U.S. Real Estate Market Faces Disruption
Everyone has been affected by the COVID-19 crisis in one way or another, no more so than real estate, particularly the international market in the U.S.
Real estate accounts for nearly 1/5 of the U.S. economy, so when health concerns spread and state-at-home and lockdowns orders were enacted globally, the real estate industry took a collective breath. While buyers in the U.S. inexplicitly went on a buying spree, the same was not true of international buyers. The market felt the impact.
Sales of U.S. homes to foreign buyers fell by 31% from April 2020 to March 2021, according to the National Association of REALTORS. At just 107,00 properties, it was the lowest unit volume and lowest dollar volume since 2011.
“The big decline in foreign purchases of homes in the U.S. in the past year is no surprise, given the pandemic induced lockdown and international travel restrictions,” NAR chief economic Lawrence Yun said in a release.
Foreign buyers also responded to the uncertainty of the American real estate market, particularly early in the pandemic. For Florida, the news was not all bad. For the 13th straight year, the Sunshine State led among top destinations for international buyers with 21% of all international purchases. California ranked second (16%), followed by Texas (9%) and Arizona (5%). New Jersey and New York tied at 4%.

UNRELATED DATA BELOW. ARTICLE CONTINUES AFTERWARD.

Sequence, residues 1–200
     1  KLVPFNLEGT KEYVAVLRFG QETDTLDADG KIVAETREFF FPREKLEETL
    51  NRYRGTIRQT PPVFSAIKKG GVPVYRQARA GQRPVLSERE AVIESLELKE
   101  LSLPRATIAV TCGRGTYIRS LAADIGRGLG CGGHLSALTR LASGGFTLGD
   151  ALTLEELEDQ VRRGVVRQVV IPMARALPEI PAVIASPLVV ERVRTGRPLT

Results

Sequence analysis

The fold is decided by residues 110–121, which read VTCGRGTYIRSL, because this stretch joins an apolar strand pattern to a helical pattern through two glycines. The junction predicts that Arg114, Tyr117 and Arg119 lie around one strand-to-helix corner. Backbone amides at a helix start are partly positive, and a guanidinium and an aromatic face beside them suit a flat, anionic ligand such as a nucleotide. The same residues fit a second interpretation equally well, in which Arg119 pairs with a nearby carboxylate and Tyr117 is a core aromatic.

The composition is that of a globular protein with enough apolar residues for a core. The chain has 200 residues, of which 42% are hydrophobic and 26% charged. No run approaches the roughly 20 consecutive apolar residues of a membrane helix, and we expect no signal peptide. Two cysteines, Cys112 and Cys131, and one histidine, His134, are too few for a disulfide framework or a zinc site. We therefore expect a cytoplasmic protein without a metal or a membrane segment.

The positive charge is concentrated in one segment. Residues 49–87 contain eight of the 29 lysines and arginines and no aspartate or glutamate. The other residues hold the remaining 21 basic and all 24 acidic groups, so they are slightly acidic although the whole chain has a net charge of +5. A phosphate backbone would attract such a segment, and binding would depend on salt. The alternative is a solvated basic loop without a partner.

Perhaps, in more good news, international buyers still believe the U.S. is a good investment. Home prices are comparably more affordable, especially for buyers in places like Hong Kong and London, and opportunities to use homes for vacation rentals is strong. Others, particularly Chinese buyers, seek homes for their children taking advantage of educational opportunities in the U.S.
While acceptance of vaccines and lifting of travel ban restrictions are expected to have a significant impact, technology may make the biggest difference. Just as technology has supported virtual home buying in the U.S., it has been adopted internationally, helping foreign buyers feel more comfortable in their decisions.
Agents and brokers can meet face-to-face via Zoom and other platforms. From virtual video tours and 3-D model renderings as well as applications such as Google Maps and Google Duo, consumers globally have more access from their homes to U.S. markets than ever before. Juwai, a Chinese website for buyers of overseas property, says it now features more than 5,000 virtual tours. Every aspect of the home buying journey from walk-throughs, negotiations, contractual signings and closings can take place without ever setting foot on a property from nearly anywhere in the world.
Further, the impact of new work from home opportunities by global disruptors remains to be seen.